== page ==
Looking for a holiday gift? Come on in. Relax. Take a seat in the leather chair.

Welcome to today’s electronics store, a place that is now a little like entering a playground crossed with a cocktail lounge, where playing with the goodies is paramount and staff members are trained to act like laid-back tour guides.

The new vision of electronics retailing was on display last week at a spacious new Verizon Wireless store in a mall in Puyallup, Washington, outside Seattle. An employee used an app on a smartphone to pilot a toy drone. Music thumped from an array of wireless speakers. And another employee coached a couple perched on stools about using their smartphones.

Brian Garduno, a customer reclining in a red leather chair, likened the old Verizon store in the same mall to “being in a train car". As he waited in a red leather chair while a Verizon clerk prepared a new Samsung smartphone and watch, Garduno, a freight manager, praised the new store’s colourful décor and pronounced the customer service “about 99% better" than at the old one.

Established electronics retailers such as Verizon have gone to great lengths in recent months to overhaul their stores. And the heavyweights behind many of the devices—the Microsofts, Googles and Intels—have moved to open retail stores of their own, some temporary, some permanent. In some cases, the brands are creating upscale enclaves for their products within the jumble of megastores.

Behind all the investments in retailing is one of the technology industry’s favourite buzzwords: “user experience". It reflects a belief that companies need to obsess not only over details of product design but also on the environment in which the products are presented to the public. Apple learned this years ago, creating retail outlets—now totalling more than 400—that are meant to be high-traffic emporiums of cool.

But they also reflect the growing shakiness of the big-box electronics stores in the face of searing price competition from Amazon and mass market retailers. Some, like Circuit City, the Good Guys and CompUSA, have vanished, while the biggest specialty retailer in the category, Best Buy, has been on rocky footing.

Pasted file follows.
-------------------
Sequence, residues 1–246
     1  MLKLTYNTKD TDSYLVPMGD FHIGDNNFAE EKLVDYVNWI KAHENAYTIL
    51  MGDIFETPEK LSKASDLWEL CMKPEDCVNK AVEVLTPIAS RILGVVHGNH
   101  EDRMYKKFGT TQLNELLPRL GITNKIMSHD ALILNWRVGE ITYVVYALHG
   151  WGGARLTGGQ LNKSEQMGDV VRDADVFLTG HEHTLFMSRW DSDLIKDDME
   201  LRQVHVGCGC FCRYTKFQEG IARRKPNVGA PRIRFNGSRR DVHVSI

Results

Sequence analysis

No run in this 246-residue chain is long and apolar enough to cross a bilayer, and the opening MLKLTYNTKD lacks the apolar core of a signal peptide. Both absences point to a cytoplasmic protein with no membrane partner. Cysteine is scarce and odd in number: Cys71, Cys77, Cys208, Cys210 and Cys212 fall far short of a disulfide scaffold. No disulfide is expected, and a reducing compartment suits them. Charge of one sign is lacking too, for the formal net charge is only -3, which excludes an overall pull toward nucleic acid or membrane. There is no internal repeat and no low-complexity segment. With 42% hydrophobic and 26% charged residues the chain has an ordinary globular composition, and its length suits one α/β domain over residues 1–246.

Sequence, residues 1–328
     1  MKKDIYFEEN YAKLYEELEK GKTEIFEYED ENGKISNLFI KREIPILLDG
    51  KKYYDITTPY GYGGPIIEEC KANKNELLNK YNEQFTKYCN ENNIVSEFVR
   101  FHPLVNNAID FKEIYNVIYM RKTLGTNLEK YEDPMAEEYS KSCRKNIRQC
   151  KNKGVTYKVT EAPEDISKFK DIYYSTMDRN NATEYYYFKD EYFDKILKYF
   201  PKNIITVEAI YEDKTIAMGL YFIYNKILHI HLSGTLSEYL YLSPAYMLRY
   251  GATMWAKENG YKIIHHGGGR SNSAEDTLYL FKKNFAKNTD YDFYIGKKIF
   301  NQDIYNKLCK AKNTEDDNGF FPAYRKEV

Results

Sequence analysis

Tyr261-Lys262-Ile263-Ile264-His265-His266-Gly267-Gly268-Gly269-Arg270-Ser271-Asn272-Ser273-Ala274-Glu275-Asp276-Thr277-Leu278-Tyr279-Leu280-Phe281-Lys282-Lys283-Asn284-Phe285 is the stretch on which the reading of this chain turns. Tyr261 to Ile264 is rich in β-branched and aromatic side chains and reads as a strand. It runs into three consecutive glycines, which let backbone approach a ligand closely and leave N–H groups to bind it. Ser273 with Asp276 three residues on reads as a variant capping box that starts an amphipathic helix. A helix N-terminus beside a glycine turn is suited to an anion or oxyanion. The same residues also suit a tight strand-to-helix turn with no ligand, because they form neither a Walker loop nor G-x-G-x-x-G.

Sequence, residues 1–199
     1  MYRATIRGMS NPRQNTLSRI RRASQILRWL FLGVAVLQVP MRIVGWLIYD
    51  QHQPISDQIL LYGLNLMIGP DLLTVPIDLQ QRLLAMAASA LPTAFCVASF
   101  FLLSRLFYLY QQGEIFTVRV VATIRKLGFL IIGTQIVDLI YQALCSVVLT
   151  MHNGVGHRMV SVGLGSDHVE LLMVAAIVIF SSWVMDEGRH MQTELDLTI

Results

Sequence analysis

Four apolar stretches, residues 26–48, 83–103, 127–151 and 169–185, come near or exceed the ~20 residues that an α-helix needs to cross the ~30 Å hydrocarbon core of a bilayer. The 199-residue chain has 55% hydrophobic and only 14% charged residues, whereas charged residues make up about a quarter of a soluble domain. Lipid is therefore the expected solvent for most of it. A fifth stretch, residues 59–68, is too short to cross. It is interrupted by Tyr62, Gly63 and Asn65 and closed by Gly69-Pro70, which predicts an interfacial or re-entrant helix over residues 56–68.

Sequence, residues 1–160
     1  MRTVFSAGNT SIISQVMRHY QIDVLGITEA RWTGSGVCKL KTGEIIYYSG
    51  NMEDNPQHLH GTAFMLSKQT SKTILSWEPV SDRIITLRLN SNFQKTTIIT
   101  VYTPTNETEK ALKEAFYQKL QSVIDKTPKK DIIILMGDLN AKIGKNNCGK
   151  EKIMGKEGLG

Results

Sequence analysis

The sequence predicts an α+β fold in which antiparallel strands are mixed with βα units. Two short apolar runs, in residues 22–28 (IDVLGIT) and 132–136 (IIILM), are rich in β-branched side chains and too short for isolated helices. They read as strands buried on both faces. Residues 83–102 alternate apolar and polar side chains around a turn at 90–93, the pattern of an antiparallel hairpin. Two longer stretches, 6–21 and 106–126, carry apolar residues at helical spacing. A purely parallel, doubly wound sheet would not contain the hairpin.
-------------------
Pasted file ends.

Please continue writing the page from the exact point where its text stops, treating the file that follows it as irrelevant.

“If you’re Microsoft and Samsung, you think, I used to have thousands of retail locations, and now I’m down to Best Buy," said Fiona Dias, the former chief marketing officer at Circuit City who is now chief strategy officer at ShopRunner, an online shopping service. “What am I going to do in the future to show off my products?"

There is no wackier illustration of the lengths to which technology companies will go to create special sanctuaries for their products than the mysterious barges Google is building in ports in San Francisco Bay and Portland, Maine. Construction crews are stacking shipping containers, four stories tall, on top of the barges. Regulators, including the Coast Guard, have expressed concerns about the barges and are examining them.

“While we have explored many ideas in the past around the barges, our current plan, as we’ve stated before, is to use them as an interactive space where people can learn about new technology," the company said in a statement.

Google has not said which technologies those will be, or even if it will actually sell anything on the barges. It’s a safe bet one device will be Glass, its Internet-connected eyewear. As it prepares to sell Glass more broadly next year, Google has been trying to figure out how to present the technology to the public in a way that resembles the intimate, hand-holding sessions it has conducted with early adopters of the eyewear.